Many EU laws, such as those brought into effect via the European Communities Act 1972 - the statute enacted to incorporate EU law, are classed as secondary legislation. Laws incorporated under the act might simply be rendered redundant if the act was repealed following an exit and the state would need to create new legislation if required to replace those laws.

Other Acts of Parliament, such as the Equality Act 2010, which protects people from discrimination in the workplace and in wider society, will remain in place as primary forms of UK generated legislation.

The potential scope of this legislative shift is vast.

Whether any of these changes to the UK’s legal model were to be made all at once or on a case-by-case basis over time, will be one of the logistical considerations which dictates whether the withdrawal of the UK from Europe would be harmful or manageable.

This also brings into question the validity of legal decisions passed by the European Court of Justice and whether the UK could, or should, continue to uphold those decisions.

The likely scenario and the path of least resistance is that the UK would continue to uphold those decisions and may operate its own legal framework based on those rulings.

The UK might therefore continue to be influenced, though no longer bound, by European Court of Justice rulings in the evolution of its own laws.

One aspect worth looking at is the EU approach towards UK Common Law as the basis for commercial contracts. There is currently a proposed EU Contract Law, which would undermine the influence of UK common law in disputes between legal systems. The advent of EU Contract Law may become a reality regardless of what the UK chooses to do, but if the UK leaves the EU, this is an area where we will almost certainly see a reduction in our legal influence on the mainland.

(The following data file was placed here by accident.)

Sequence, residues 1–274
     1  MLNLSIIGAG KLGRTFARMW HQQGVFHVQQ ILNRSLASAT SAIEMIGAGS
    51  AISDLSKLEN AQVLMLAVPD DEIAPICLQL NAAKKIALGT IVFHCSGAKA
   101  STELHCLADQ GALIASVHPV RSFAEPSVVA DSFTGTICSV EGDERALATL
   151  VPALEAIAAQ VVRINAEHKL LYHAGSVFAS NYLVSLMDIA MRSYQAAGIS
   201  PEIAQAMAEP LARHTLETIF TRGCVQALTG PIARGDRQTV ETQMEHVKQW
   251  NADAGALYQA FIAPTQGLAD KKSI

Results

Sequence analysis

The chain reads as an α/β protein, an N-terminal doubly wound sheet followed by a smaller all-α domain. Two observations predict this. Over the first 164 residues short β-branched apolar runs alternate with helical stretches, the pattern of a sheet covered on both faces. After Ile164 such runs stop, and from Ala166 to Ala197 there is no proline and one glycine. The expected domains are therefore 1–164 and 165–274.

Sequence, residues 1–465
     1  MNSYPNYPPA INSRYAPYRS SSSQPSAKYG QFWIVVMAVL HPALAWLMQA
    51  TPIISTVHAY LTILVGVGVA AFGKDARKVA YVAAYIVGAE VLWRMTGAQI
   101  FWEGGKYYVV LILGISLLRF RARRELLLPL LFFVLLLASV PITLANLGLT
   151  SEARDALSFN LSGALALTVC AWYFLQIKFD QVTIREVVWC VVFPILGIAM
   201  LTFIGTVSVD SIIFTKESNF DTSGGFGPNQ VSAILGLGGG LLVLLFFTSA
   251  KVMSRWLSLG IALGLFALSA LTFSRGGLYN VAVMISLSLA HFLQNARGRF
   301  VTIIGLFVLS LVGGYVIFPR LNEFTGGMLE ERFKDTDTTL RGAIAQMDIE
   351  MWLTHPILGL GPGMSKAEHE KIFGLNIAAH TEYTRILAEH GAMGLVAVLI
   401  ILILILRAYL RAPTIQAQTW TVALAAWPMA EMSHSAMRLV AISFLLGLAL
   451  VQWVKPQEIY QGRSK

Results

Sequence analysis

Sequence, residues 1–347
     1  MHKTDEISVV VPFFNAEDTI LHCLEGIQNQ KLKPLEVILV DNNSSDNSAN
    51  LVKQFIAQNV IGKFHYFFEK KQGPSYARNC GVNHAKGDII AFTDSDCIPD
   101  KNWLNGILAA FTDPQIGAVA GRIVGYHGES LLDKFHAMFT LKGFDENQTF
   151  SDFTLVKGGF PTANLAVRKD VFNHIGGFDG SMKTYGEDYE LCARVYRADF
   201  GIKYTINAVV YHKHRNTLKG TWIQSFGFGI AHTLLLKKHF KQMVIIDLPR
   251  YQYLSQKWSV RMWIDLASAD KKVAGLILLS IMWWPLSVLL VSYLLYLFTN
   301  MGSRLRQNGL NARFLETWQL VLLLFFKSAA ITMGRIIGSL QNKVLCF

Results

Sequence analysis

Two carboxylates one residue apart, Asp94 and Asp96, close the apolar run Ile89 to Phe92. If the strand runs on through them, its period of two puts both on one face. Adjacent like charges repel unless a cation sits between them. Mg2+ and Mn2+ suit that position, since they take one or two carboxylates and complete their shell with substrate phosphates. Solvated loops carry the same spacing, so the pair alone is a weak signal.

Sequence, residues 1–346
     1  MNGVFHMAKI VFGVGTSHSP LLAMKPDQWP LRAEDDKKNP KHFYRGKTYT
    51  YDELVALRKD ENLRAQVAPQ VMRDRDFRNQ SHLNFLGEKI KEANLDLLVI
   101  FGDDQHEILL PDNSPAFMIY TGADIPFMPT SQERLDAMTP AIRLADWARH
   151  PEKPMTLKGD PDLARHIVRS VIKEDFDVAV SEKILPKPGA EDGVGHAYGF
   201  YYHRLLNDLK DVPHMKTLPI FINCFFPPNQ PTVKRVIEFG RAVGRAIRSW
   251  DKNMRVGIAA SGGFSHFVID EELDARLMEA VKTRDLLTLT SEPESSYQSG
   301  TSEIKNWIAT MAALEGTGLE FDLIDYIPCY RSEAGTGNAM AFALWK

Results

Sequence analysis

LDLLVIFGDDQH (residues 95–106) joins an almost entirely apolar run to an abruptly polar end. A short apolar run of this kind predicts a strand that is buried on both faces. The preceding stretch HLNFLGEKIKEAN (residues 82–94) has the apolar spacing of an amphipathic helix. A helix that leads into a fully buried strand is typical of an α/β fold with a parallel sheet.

We cannot of course ignore the possibilities that many EU sceptics see in the UK’s links with countries which are not part of the EU and which have the potential for future trade. India for example is a developing economy and much of its infrastructure and legal framework is based on the UK model. This offers much by way of trade alignment and enhanced relations.

They will also argue that the possibility exists to grow such overseas trade without the UK having to follow legislation passed down from Brussels, therefore creating greater levels of freedom for trade and the management of our own law across all areas.

Exiting the EU would undoubtedly have an effect on many facets of our legal system and to try and summarise those potential effects further would be guesswork. The economic cases and the potential impact of a Brexit on the UK’s legal framework are not sufficiently convincing arguments on either side of the debate to secure an outcome.

However, the UK’s legal profession must be prepared and ready to help each individual or business to interpret those changes as and when it becomes necessary to do so.